Take the 2-minute tour ×
Stack Overflow is a question and answer site for professional and enthusiast programmers. It's 100% free, no registration required.

I am receiving XML from a server whose schema specifies nearly every element as:

<xs:element name="myStringElementName" type="xs:string" nillable="true" minOccurs="0"/>
<xs:element name="myIntElementName" type="xs:int" nillable="true" minOccurs="0"/>

I'm trying to find a clean way to convert every element that I receive that is marked as xsi:nil="true" to a null when it is unmarshalled into a JAXB object. So something like this:

<myIntElementName xsi:nil="true" />

Should result in my JAXB object having a myIntElementName property with a value of null, rather than a JAXBElement object with a nil property set to true (or anything along those lines). I don't have any control over the system that is sending me the XML that uses the nillable attribute, so I need to convert this on my end when I receive it.

share|improve this question
add comment

1 Answer 1

up vote 3 down vote accepted

@XmlElement(nillable=true)

You just need to specify @XmlElement(nillable=true) on your field/property to get this behaviour:

@XmlElement(nillable=true)
private String foo;

Generating From an XML Schema

Below I'll demonstrate how to generate this mapping if you are staring from an XML schema.

XML Schema (schema.xsd)

<?xml version="1.0" encoding="UTF-8"?>
<xs:schema xmlns:xs="http://www.w3.org/2001/XMLSchema">
    <xs:element name="foo">
        <xs:complexType>
            <xs:sequence>
                <xs:element name="myStringElementName" type="xs:string"
                    nillable="true" minOccurs="0" />
                <xs:element name="myIntElementName" type="xs:int"
                    nillable="true" minOccurs="0" />
            </xs:sequence>
        </xs:complexType>
    </xs:element>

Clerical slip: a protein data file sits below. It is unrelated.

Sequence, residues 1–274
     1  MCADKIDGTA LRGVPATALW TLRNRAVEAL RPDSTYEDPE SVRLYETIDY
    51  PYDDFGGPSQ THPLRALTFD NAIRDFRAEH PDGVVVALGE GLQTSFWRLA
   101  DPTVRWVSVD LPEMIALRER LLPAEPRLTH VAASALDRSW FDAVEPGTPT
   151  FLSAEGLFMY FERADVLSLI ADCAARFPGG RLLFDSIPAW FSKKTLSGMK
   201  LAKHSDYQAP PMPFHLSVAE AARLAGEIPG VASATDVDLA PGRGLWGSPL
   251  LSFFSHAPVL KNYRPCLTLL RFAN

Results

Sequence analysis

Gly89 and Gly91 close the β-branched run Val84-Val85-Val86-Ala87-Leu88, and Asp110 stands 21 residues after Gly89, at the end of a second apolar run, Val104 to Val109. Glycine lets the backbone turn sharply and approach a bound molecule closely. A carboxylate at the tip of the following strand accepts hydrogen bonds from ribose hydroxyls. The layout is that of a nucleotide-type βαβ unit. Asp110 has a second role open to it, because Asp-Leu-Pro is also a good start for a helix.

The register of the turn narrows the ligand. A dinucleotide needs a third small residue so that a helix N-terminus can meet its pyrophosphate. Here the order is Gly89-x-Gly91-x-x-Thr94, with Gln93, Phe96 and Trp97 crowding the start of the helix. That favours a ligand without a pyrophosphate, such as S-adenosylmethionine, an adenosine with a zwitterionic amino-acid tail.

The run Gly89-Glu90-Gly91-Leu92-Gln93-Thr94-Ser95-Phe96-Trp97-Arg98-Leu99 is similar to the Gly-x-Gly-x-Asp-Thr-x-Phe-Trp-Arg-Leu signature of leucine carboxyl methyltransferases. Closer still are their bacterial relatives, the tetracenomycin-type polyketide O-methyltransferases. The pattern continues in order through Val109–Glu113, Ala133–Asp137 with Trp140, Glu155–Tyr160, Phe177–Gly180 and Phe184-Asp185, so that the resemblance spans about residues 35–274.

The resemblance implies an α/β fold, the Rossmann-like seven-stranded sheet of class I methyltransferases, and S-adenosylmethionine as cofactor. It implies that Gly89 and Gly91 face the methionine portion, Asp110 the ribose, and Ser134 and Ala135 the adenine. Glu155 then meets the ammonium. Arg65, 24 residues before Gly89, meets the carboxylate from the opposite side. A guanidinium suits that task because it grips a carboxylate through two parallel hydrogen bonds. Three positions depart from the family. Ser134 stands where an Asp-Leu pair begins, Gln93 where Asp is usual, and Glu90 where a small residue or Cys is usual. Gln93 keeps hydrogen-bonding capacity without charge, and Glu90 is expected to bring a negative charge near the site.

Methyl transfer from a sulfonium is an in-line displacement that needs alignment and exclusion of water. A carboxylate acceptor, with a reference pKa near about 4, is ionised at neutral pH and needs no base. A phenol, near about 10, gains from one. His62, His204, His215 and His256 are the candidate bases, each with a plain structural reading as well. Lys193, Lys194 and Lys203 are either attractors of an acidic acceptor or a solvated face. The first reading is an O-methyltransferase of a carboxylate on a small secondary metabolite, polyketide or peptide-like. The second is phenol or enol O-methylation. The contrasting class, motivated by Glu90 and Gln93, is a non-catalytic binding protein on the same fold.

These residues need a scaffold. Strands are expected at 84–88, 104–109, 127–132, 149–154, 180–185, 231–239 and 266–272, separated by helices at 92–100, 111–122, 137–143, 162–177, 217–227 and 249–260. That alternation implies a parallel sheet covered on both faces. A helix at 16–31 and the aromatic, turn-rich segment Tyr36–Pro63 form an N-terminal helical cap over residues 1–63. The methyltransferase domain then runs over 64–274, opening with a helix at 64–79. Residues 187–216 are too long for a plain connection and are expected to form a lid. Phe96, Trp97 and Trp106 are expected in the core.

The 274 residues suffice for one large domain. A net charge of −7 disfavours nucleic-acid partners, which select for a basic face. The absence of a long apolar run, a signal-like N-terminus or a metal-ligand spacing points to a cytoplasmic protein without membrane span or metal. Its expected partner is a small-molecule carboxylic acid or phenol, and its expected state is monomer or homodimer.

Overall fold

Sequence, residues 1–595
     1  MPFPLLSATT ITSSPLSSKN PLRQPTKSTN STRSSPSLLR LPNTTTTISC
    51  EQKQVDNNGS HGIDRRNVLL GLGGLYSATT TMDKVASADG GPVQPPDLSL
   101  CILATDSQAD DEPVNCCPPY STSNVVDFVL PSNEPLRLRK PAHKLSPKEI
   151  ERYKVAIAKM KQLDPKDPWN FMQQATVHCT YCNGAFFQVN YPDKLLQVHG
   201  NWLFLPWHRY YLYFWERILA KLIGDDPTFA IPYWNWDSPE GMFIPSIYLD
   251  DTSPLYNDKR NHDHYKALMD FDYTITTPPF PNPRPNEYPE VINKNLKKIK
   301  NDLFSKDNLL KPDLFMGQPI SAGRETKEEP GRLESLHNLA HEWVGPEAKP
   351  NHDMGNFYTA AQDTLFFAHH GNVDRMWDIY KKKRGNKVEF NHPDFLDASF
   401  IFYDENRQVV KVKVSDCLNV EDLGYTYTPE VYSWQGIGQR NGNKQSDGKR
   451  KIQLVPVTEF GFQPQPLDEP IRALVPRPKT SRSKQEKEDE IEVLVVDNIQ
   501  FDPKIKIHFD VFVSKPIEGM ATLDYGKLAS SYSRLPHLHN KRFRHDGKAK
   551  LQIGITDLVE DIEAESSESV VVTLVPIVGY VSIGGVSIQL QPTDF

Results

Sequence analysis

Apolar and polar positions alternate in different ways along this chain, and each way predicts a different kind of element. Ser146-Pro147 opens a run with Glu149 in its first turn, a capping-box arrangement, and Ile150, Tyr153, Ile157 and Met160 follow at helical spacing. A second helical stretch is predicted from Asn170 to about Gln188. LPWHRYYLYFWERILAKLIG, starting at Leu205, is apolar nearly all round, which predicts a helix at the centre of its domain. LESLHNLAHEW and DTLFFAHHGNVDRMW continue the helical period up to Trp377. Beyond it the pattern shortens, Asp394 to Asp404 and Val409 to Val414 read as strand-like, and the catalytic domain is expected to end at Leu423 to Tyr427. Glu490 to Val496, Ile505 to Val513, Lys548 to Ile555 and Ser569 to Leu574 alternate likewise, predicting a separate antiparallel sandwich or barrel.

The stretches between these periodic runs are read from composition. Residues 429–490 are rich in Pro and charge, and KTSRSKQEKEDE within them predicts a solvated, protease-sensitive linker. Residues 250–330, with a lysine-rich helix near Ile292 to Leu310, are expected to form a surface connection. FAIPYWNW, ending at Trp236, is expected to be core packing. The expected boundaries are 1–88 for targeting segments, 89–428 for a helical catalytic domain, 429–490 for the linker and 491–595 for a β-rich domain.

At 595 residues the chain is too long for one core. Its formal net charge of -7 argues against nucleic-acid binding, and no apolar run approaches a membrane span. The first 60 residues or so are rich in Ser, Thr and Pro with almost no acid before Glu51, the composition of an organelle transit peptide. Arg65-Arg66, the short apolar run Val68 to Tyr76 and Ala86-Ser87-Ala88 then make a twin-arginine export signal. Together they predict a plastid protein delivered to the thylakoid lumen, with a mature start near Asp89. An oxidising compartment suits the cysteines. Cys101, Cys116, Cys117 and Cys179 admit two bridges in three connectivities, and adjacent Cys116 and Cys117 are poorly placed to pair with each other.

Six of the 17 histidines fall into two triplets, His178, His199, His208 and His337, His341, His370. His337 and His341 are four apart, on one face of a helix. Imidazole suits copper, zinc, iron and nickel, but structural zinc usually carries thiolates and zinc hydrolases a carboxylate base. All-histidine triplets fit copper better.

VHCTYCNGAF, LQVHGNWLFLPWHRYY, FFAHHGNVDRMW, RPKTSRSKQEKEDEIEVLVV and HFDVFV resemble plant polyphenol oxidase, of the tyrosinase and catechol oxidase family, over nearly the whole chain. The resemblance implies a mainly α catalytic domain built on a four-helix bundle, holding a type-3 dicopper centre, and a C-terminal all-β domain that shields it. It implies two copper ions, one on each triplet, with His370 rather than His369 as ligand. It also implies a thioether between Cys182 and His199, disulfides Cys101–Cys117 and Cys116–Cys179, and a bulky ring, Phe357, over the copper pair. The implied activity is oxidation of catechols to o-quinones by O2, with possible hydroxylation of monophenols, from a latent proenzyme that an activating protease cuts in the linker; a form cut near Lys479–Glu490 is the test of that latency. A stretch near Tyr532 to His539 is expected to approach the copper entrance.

</xs:schema>

Why you get a property of type JAXBElement

A property of type JAXBElement is generated in your model because you have a nillable element this is minOccurs="0". The use of JAXBElement allows the model to differentiate between an missing element (property is null) and the presence of the element with nil="true" (JAXBElement with nil flag set).

<xs:element name="myStringElementName" type="xs:string"
                        nillable="true" minOccurs="0" />

External Binding File (binding.xml)

An external binding file can be specified to tell the JAXB implementation not to generate any properties of type JAXBElement. Note this will make it impossible for JAXB to round trip all XML documents.

<?xml version="1.0" encoding="UTF-8"?>
<jaxb:bindings version="2.0"
               xmlns:jaxb="http://java.sun.com/xml/ns/jaxb">
    <jaxb:bindings>
        <jaxb:globalBindings generateElementProperty="false"/>
    </jaxb:bindings>
</jaxb:bindings>

XJC Call

Below is an example of how to leverage an external binding file from the XJC Call

xjc -b binding.xml schema.xsd

Generated Model (Foo)

The generated model will look something like the following:

import javax.xml.bind.annotation.*;

@XmlAccessorType(XmlAccessType.FIELD)
@XmlType(name = "", propOrder = {
    "myStringElementName",
    "myIntElementName"
})
@XmlRootElement(name = "foo")
public class Foo {

    @XmlElement(nillable = true)
    protected String myStringElementName;
    @XmlElement(nillable = true)
    protected Integer myIntElementName;

    public String getMyStringElementName() {
        return myStringElementName;
    }

    public void setMyStringElementName(String value) {
        this.myStringElementName = value;
    }

    public Integer getMyIntElementName() {
        return myIntElementName;
    }

    public void setMyIntElementName(Integer value) {
        this.myIntElementName = value;
    }

}

For More Information

share|improve this answer
1  
Has anyone told you lately that you're awesome? One other question if you don't mind. Should I always annotate the property in my JAXB class instead of the associated getter/setter method? –  Jim Tough Sep 20 '12 at 20:02
    
Annotating the getter (or setter) is usually the safest thing to do. For example if you use the same model for both JAXB and JPA, then the JPA implementation my modify the byte codes to support lazy loading triggered on calling the getter. For more information see: blog.bdoughan.com/2011/06/using-jaxbs-xmlaccessortype-to.html –  Blaise Doughan Sep 20 '12 at 20:11
add comment

Your Answer

 
discard

By posting your answer, you agree to the privacy policy and terms of service.

Not the answer you're looking for? Browse other questions tagged or ask your own question.